Gidon Kremer and Kremerata Baltica discover new music

  • 2019-03-11
  • Ia Remmel

Latvia is a country that is fortunate to have many interesting newly built concert halls. Aside from those in Riga there are also several in other cities such as the Great Amber Hall in Liepāja, the Dzintari Concert Hall in Jūrmala, the White Grand Piano Hall in Sigulda and of course, the Cēsis Vidzeme Concert Hall.

In Cēsis Concert Hall, Gidon Kremer and his Kremerata Baltica gave on 3rd of March a truly extraordinary concert. Although Kremerata always reaches a very high standard, this concert was really something unique. The concert was titled “Tango” pointing to the Piazzolla which was part of their program. Next to it, Kremerata had a musical surprise.

Gidon Kremer has always been known for his innovative and bold choices of repertoire and his revival of composers who have been undeservedly forgotten. He states: “I want to bring the music to the audience, but if I believe in a score, then it doesn’t matter to me if one person or thousands will appreciate it. [--] Some day in the future people will appreciate it more, like they learned to appreciate Alfred Schnittke within the last twenty-five years. Now he seems to be an end of century classic.”

Gidon Kremer is also always supporting young musicians on their path. So, he has worked together with Daniil Trifonov, Seong-Jin Cho, Latvian talent Georgijs Osokins, Italian cellist Mario Brunello, Lithuanian conductor Mirga Gražynitė-Tyla. And he has worked together with French pianist Lucas Debargue who was one of the soloists at the event. Interestingly, it was Debargue who proposed a new musical idea to Kremer and Kremerata, the works of Polish composer Miłosz Magin. Magin lived in years 1929 – 1999 and spent half of his life in Paris.

Lucas Debargue speaks about his affection for Magin: “This idea, to play a concert and record Magin’s music I would never have even dared to think about without Gidon. He is a great inspiration! He chooses what he likes and Kremerata is following him. They pioneered playing Schnittke and Weinberg and now you see how Schnittke and Weinberg are played everywhere these days. When he proposed to me to be more active in Kremerata’s musical life, my first idea was to do something of Magin’s music. He is not known as a composer - more known among the pianists because he was the laureate of many competitions and recorded an impressive amount of Chopin music, but it’s amazing how many connections he had. In the 1970ties and 1980ties he was quite the important figure in the musical world of Paris.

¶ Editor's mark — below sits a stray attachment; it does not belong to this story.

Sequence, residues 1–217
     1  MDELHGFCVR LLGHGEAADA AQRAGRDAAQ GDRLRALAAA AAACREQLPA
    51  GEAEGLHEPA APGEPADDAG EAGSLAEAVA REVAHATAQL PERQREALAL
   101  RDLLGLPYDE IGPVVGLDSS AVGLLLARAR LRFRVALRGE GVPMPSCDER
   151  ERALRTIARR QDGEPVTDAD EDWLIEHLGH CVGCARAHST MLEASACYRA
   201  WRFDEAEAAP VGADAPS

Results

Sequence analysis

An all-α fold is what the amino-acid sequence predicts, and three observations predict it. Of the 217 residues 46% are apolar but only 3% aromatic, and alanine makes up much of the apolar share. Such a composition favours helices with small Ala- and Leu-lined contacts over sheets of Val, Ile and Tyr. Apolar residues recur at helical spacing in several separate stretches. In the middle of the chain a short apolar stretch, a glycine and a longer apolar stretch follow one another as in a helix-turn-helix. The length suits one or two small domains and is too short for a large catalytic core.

I never met him in person, but he was a teacher of my first piano teacher madame Muenier and he was the greatest inspiration for her. I grew up with his music. I have a connection to this man not only as a composer but also as a pianist. He entered conservatory and started to really practice when he was a late teenager. Otherwise he learned music by himself. I can’t explain why I didn’t dare to connect with Magin’s daughter. But it’s amazing how things went. His granddaughter Alexandra wrote me a message on Facebook and then we could meet. We all spent a wonderful week in Lithuania with Gidon and Kremerata, working and recording Magin’s music.

It is an incredible feeling to rediscover music which is now not known and not played. Rediscovering a composer is a big responsibility, but it is something I have always wanted to do. At the Tchaikovsky competition it was the same with the Medtner Sonata, a piece that even the Russians didn’t really know.

When we practiced it with the orchestra it seemed like an easy score. But after some hours of playing everyone realized what difficulties there are and it’s really hard to keep the intonation precise all the time.

Magin’s active years as a composer were in the second half of the 20th century but he was never influenced by contemporary styles and experimentation. He developed his own very personal language, taking elements from Polish folk music and some individual harmonies. On one hand, it is music that you can appreciate on the first listening. It is not hard to get the structure, it’s rhythmically clear and has strong melodies. It is very intense and has strong passion inside.” The moment in Cēsis’ hall with Magin’s music was really the opening of something new. Debargue as the soloist at Magin’s 3rd Piano Concerto charged everything with his passion
and energy.

The second part of the concert was dedicated to Astor Piazzolla music. But before Piazzolla Kremerata played a piece of Latvian contemporary music, Arturs Maskats “Midnight in Riga”. The piece was commissioned and written for Kremerata and its soloists - Gidon Kremer and Giedrė Dirvanauskaitė. The composer here keeps in mind important people in his life and creates the nostalgic atmosphere of the old Riga in 1930th years – the time when Riga was called “the little Paris”.

Then the hall got wrapped inside Piazzolla’s timeless tangos. Kremerata played the “Grand Tango” and then “Celos and Fuga Y Misterio” with Gidon Kremer and Kremerata’s exceptional percussionist Andrey Pushkarev. All of them demonstrated wonderful unity and passion. The intense journey comes to an end with a special encore, Astor Piazzolla’s famous “Oblivion” in Gidon Kremer’s masterful rendition.